I've always voted conservative but my views have changed a touch since I came to NZ and saw how the 'blind eye' was turned to issues that effected the country but not to those that had the inside track. Politics here has been so negligent it beggars belief. In my 'Tory' opinion, Conservatism in NZ has completely neglected regulation, (politics having an influence over powers that the Reserve bank should had a decade ago) whilst the selling of the family silverware has been to such a great extent that it may take a generation to recover from the financial imbalances it has created, particularly if they are not quickly addressed. Our productive economy has not diversified in 20 years from its core products and yet we have saddled ourselves with policies to prevent the proper allocation of capital to business. I'm sure that anyone with a business background and a conservative leaning would be able to see this as I do.

So you think it would be a better investment for a country of 4 mill to pour money into purely speculative "productive" businesses ? And then wonder why we can't compete due to our remote location, lack of scale/size, lack of capital - The banks won't lead 80% to some non-income producing business just because some propeller head says its "productive" - They know how hard it is to compete internationally. As the late great Paul Callaghan said - we are good at weird stuff that the big players cant be bothered exploiting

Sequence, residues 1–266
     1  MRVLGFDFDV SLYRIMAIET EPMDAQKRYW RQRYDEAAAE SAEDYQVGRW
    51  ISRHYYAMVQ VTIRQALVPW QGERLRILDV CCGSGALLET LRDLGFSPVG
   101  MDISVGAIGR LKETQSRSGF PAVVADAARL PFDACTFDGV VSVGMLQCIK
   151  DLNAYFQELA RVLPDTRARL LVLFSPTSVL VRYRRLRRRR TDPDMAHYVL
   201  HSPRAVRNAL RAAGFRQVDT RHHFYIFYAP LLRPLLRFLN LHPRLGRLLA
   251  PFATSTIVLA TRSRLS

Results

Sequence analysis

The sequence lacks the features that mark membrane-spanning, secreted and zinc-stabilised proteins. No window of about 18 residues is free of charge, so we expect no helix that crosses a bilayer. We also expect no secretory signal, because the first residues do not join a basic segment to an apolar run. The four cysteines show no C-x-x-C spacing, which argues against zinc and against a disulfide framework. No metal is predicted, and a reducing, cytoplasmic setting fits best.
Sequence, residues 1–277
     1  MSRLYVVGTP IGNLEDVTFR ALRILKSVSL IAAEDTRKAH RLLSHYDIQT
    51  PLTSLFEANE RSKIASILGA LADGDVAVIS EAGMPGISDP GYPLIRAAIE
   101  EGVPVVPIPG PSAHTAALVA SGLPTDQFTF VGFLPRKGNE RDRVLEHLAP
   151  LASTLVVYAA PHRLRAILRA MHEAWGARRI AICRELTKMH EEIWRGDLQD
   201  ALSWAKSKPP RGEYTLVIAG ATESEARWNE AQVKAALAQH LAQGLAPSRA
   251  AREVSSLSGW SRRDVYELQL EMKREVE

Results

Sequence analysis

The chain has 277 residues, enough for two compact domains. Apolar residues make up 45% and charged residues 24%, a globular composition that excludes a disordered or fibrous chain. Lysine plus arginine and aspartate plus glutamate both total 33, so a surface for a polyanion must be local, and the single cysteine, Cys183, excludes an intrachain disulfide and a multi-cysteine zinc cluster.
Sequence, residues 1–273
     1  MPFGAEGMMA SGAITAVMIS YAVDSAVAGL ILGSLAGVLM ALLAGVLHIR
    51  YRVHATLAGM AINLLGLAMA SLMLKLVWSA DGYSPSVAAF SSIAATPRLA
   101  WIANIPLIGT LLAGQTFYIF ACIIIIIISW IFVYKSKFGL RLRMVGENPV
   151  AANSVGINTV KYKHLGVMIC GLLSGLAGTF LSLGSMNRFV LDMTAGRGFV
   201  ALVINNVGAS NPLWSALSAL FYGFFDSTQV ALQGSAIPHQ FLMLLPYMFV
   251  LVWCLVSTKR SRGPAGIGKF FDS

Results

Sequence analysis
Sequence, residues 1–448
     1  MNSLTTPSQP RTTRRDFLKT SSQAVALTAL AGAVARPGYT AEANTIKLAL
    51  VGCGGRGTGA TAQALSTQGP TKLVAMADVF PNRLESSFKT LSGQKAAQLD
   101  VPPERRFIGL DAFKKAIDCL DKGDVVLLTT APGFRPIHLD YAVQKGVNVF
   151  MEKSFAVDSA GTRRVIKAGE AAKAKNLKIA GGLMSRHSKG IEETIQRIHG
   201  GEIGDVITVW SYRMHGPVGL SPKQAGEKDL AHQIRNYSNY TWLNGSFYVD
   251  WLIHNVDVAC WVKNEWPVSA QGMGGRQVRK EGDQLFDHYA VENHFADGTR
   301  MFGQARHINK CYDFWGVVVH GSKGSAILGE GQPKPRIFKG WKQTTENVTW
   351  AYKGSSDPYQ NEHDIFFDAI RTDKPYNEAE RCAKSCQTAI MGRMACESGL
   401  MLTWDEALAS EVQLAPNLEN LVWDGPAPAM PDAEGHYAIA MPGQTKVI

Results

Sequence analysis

You're not the 'Simple Simon' are you?

'So you think it would be a better investment for a country of 4 mill to pour money into purely speculative "productive" businesses' ( You just hit the nail square on the head Mr. Simon) - blissful ignorance!

Our population is now almost 125% of your '4 mill' Why is there a lack of capital for business? Re-read your comments including 'purely speculative "productive" business' 'lack of capital' (why has that all happened?)

You borrowed into this idiocy in the last 3 years didn't you 'Simple'.... Was it a big loan to value?

Posting on here can't talk up a market or down a market for you to get over a mistake... Your kind are still spending a lot of time on Stuf though, but I reckon the youth are waking up to the reality that it is a Venus Fly trap rather than a search for Inca gold gettting involved in the debt for equity 'venus fly trap'